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Why you need DRM for your documents

Mary Branscombe | May 4, 2016
From protecting merger discussions to everyday document management, enterprise DRM is a mature, mainstream enterprise technology. So why aren’t more companies using it?

There are some things that rights management will never be able to protect you from, like an employee snapping a photograph of their screen with a smartphone, but that’s not a technology issue; it’s a management problem (and at that point, the employee can’t claim that they shared the information accidentally).

Typically, rights management deployment runs into two issues, says Plastina. “Either people left everything up to the users or they went crazy in terms of the breadth and said ‘I’m going to protect everything’.” Neither approach works well. “IT leaders don't have a good sense of what is sensitive or not,” he notes, so business leadership needs to be involved in deciding what to protect. You don’t need as many policies as you might think, either; policies for strictly confidential, confidential, internal and public data will cover most companies.

He suggests starting by thinking about your most sensitive data and where it’s stored. “Not all of your data is sensitive. If 5 percent of your data is top secret, take that 5 percent and focus your energy on that. If you're in the candy bar business, then SAP is the bulk of your sensitive data; logistics, order information, inventory, financials.” That data is secure until you run a report and create a PDF or an Excel file and start mailing it around. “In that case, go purchase Halocore from SECUDE and focus on SAP and mark it company internal; all that data will be encrypted at birth and it can’t leak outside the company. That quickly starts to put a leash on your data.”

The next step might be partitioning internal email; for example, messages and documents sent within the HR and legal teams. “Today the entire company’s worth of data is accessible to everyone in the company. If the very sensitive data is rights protected then that partitioning will enforce itself and IT will be notified that Dan in legal is trying to access documents from HR,” Plastina explains, “and someone would be able to take action.”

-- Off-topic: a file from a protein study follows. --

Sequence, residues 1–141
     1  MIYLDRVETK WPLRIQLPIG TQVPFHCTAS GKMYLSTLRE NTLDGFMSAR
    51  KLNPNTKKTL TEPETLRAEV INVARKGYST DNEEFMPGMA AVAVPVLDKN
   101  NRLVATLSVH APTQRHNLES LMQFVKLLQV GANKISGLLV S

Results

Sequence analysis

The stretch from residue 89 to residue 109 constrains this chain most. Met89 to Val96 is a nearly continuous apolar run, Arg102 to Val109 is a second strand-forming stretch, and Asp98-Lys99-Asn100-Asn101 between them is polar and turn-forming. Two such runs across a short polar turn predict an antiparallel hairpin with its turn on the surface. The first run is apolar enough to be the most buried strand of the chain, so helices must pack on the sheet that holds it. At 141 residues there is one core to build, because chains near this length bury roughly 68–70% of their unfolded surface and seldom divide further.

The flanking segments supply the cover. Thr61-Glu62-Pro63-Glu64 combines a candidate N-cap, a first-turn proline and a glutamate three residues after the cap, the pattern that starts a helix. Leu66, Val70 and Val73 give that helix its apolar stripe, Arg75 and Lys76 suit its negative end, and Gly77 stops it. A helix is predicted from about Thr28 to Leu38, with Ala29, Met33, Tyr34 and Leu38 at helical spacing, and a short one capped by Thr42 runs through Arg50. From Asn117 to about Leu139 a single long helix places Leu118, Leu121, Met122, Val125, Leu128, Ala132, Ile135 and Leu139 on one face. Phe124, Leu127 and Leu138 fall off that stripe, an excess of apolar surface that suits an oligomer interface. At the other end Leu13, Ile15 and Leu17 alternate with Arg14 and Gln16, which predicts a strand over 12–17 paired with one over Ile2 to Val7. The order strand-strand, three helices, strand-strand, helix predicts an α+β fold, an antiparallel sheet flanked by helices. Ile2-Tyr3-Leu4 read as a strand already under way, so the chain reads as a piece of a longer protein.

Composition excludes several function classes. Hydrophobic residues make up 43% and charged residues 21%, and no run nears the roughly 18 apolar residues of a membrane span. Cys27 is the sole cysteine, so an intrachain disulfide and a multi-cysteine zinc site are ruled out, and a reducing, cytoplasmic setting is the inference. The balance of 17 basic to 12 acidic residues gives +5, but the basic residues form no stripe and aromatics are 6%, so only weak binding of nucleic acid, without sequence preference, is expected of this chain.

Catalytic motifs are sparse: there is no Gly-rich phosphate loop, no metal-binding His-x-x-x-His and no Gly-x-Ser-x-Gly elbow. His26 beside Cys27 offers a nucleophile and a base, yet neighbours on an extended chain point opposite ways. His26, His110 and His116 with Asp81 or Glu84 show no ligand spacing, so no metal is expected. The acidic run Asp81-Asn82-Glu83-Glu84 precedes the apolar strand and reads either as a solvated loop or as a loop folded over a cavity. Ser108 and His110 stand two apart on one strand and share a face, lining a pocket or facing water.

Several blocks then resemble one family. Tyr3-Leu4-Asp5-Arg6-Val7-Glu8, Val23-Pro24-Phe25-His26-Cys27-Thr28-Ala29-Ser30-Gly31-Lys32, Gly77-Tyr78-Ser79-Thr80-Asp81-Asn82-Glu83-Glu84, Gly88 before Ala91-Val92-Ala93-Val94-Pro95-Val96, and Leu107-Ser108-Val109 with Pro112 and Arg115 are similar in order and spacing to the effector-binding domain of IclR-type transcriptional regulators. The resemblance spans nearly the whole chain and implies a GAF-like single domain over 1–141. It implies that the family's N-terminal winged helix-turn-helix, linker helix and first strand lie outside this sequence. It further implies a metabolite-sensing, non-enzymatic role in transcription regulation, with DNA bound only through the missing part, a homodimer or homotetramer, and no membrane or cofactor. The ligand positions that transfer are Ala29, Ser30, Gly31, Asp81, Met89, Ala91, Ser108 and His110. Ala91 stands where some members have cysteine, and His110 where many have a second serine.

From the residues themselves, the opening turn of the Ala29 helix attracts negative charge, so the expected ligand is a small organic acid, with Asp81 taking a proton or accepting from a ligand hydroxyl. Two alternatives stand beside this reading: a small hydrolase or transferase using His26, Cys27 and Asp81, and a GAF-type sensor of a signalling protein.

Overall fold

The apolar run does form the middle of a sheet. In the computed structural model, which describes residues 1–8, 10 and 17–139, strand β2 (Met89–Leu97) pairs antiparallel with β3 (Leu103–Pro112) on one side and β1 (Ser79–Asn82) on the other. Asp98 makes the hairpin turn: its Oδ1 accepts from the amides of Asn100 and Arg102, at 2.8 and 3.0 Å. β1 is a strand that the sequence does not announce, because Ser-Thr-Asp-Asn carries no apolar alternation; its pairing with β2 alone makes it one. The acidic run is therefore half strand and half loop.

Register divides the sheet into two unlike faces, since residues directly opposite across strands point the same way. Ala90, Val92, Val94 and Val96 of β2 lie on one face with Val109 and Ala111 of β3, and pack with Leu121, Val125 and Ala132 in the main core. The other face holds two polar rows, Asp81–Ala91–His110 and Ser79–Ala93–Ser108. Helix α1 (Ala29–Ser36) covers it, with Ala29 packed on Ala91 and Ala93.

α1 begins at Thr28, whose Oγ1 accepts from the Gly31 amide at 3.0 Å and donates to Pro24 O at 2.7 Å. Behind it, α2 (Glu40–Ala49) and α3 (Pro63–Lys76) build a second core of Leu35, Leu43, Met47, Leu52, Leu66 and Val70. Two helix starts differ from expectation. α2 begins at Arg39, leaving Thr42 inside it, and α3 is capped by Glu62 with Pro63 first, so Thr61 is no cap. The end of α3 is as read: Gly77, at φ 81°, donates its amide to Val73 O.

He suggests a simple trick for getting teams to opt in to classifying and labelling their own content; “Turn on RMS; no-one will notice that it’s on. Then go to a department like HR or legal and send them an email marked as ‘Do Not Forward’ and tell them that they can’t forward it, and include a screenshot showing them how to do it.” It’s just human nature. “They're going to look at it, try to forward it, realize they can't - and start using it themselves. Now you have partitioned data in your organization.”

You can’t rely on ad hoc classification, but being too restrictive is also counterproductive, Plastina notes. “Organizations will need to show some restraint. Start by going after email and SAP but with policies that are somewhat flexible so you keep productivity.” It’s also going to show you what the real workflow is in your business, which might not be what you think. Remember that rights management has to apply to executives, who will have to accept some changes to their workflow. “Given the recent large-scale data loss events in the news, it may not require as much effort as you think to obtain buy-in,” de Boers suggests.


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